It’s probably a sign of my age cohort that I can’t remember that place as “New Venture Gear” or whatever it is they call it now. My dad worked there (it’s where I got my “blue-collar baby” ID card) and it’s been 25 years, this past October, since he walked out. (Technically, 24 years, but that’s a long story that could fill a sad book.) Here’s a discussion thread in which the same old laments about management and globalization and the same old curses about unions are trotted out — 20 years after Allied folded, you’d think people around here would have learned, would have thoroughly thought over the aspects and had something new to say. Nope, doesn’t seem like it.
I heard it all as a kid growing up; my dad clearly saw the writing on the wall (all of it, the stuff about unions included). He’s the kind of guy who once drove back down to NYC to fight a traffic ticket, so he didn’t let management get away with anything either; all the same, I never heard anything but increasing gloom from him about the people who ran unions, how self-absorbed and helpless they were to not see the writing on the wall, particularly during the Reagan years.
What really annoys me is how many people on that thread seem utterly convinced that people who work in factories are lazy. Granted, it’s been 25 years since I had any association with the place or someone who worked there, but… My dad worked second shift (2 to 11, I think) and so I didn’t see him on a weekday until I was maybe 14. When he was awake, he told tales of boiling heat, incredible noise, dangerous metal punch machines, slippery oily walkways around heavy machinery that could break your arm, and then when he really wanted to gross me out, he’d show off his “iron whisker,” which was a shard of metal embedded forever in his skin. I visited the plant just once – on family day – and had to be taken out because even with the machinery not going full tilt, it was too loud and too frightening, and I wasn’t even that little.
Perhaps my dad got out before he turned into one of the legendary “lazy old guys” at the plant who were just there to sit and wait for their pensions to mature. In any case, he correctly predicted that in the end they would be put over a barrel and – well, there’s no delicate way of putting it, so I won’t.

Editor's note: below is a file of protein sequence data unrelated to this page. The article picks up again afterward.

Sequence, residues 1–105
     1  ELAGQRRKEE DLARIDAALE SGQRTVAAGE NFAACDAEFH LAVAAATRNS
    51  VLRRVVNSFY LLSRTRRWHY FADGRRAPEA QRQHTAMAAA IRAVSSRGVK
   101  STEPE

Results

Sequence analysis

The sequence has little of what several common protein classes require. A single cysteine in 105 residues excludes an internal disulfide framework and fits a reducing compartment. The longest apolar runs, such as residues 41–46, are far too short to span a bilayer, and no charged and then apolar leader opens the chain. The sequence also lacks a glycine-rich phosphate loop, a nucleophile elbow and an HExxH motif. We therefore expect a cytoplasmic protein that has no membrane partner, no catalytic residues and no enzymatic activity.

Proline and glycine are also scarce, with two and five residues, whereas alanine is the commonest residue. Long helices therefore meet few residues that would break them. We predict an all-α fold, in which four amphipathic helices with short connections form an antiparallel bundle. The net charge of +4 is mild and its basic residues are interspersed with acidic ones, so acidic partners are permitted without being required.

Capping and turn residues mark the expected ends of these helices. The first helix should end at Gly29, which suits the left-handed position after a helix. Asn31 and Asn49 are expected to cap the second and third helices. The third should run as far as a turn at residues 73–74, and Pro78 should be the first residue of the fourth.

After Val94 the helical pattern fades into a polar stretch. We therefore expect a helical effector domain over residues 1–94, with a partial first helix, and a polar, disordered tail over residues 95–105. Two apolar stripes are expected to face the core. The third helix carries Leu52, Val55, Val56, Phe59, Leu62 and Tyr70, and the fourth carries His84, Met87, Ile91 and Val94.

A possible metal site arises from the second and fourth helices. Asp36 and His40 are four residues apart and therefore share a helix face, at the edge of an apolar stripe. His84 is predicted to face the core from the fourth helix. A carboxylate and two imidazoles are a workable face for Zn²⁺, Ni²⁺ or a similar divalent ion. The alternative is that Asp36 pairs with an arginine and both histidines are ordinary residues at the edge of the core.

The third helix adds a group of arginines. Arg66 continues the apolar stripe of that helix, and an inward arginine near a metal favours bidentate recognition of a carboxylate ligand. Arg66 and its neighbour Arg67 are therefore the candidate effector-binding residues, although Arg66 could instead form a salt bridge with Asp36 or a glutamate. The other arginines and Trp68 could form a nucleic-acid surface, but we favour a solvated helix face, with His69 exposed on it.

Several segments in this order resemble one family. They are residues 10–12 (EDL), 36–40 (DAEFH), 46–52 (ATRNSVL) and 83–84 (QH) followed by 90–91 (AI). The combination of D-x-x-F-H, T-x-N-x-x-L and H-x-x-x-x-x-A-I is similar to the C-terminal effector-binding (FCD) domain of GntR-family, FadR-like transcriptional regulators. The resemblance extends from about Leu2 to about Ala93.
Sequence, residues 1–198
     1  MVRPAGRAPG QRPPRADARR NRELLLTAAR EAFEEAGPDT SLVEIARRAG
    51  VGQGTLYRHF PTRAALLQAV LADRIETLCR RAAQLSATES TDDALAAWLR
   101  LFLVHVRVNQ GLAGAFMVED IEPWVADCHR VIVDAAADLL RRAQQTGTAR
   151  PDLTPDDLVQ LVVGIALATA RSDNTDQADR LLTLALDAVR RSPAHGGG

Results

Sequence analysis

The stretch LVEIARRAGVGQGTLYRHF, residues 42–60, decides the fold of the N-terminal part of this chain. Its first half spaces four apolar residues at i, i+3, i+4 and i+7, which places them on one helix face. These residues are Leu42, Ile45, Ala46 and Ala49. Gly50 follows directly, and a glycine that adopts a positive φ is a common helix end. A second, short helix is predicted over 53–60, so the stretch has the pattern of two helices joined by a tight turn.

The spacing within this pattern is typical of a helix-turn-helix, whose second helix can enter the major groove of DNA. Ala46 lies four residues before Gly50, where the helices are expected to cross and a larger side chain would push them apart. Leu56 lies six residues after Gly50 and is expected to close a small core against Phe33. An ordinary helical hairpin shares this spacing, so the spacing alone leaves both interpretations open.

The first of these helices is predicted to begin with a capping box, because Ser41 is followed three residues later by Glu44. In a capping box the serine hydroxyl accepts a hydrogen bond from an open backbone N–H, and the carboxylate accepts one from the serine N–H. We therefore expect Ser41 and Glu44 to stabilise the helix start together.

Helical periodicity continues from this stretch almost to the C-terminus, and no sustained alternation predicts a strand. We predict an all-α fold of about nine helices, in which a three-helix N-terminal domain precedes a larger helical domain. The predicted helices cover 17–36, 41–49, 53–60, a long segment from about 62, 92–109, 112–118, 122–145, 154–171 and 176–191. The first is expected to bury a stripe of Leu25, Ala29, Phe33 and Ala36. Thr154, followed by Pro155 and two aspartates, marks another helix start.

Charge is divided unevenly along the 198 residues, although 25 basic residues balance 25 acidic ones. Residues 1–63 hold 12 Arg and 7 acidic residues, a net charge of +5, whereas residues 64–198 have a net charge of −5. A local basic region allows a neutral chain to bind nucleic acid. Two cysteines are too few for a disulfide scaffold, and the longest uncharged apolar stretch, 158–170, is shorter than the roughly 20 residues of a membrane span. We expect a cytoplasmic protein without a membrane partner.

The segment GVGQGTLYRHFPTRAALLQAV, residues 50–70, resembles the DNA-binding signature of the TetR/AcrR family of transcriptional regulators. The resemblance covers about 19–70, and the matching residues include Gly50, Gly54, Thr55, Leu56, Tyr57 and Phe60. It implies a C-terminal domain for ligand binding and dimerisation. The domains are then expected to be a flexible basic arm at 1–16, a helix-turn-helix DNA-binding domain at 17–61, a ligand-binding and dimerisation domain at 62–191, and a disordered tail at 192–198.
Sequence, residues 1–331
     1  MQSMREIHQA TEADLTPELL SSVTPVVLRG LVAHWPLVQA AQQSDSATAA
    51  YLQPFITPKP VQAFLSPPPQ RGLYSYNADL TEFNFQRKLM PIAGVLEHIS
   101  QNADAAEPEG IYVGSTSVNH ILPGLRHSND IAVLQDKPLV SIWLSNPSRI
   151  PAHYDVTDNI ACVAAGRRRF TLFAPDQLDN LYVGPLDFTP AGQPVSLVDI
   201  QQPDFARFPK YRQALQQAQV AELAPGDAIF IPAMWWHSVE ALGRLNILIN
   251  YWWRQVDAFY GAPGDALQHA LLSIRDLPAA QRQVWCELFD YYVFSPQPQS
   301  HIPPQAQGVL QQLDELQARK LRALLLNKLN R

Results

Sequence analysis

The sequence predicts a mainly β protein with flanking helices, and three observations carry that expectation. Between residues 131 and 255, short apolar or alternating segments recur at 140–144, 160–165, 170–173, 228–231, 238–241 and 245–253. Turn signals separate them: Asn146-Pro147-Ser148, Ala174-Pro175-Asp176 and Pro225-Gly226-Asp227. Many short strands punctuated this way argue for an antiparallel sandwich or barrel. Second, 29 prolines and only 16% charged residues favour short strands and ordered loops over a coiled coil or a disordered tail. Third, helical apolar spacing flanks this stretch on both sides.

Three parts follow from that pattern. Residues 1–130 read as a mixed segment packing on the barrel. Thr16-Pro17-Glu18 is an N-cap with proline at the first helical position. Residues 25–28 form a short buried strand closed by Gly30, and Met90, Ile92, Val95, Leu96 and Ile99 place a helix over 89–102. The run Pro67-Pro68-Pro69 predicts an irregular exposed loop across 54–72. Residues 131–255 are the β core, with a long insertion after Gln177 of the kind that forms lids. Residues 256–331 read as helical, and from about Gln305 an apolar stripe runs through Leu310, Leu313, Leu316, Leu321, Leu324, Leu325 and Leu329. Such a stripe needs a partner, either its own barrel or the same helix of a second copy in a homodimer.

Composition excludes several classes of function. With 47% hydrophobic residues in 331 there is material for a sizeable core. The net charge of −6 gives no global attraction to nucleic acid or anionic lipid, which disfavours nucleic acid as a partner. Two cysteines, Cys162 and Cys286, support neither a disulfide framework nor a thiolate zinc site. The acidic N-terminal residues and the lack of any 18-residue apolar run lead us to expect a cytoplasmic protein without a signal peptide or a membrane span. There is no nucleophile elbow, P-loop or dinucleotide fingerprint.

So, what do you do with all these people who are possibly going to lose their jobs for good? Something else that’s annoying is the “Let them eat cake” attitude: as if there’s really a place for a laid-off 50-something industrial worker in the new “knowledge-based” economy. That said, anyone at NPG who is shocked at this has got to be nuts. There really isn’t a neat answer for when you find yourself being officially labeled expendable. My dad spent the rest of his working years as an electrician selling used autos on the side, but then again, he chose to leave when the writing had barely been put on the wall. I haven’t read anything lately about how ex-Carrier workers are doing, but I got the impression there was an understanding there that a lot of individual re-training or enhancing of existing skills had to be done. It would be interesting to compare the experiences of ex-Carrier and ex-NPG workers and I suspect we would learn a great deal about the cultures of both companies.
I wish I could say that such stories always have a 100% happy ending, but they don’t. I enjoyed Alfred Lubrano’s Limbo a lot and found it a highly observant book, but it was written from the point of view of someone who’d found support and success existing between two worlds. That’s not how the story ends for everyone. Maybe not even for very many.
There was a hoot of an article in the Post-Standard earlier this week about “decentralized networks” – some happy corporate idiot going on about how you should run your business lighter, faster, and with less loyalty. (Which is a pretty old gospel to preach, at this point.) According to him, “traditional organizations – those with a chief executive officer at the top making most of the decisions – [are] spiders. Cut off a spider’s leg and you’ve maimed it. He describes decentralized networks as more like starfish. Cut off one of its tentacles, it grows right back.”
Except, you can’t do that to an individual worker; cut off their arm (their way of making a living, their sense of identity and dignity), it doesn’t grow right back. People are not squid. And it certainly doesn’t work that way in working families who are affected by such master plans. Cut it up, and it doesn’t ever really grow back. The same is true for any kind of worker, “knowledge-based” or not – which is a way of saying to any worker out there, that they’re living under the same risk. I think individual workers can make out well under such circumstances, but I don’t know if you can raise families with such institutionalized instability for workers. I think a nation full of workers that can’t rely on any job or anyone for any real amount of time, is an unstable nation that can be all too easily manipulated by central authority.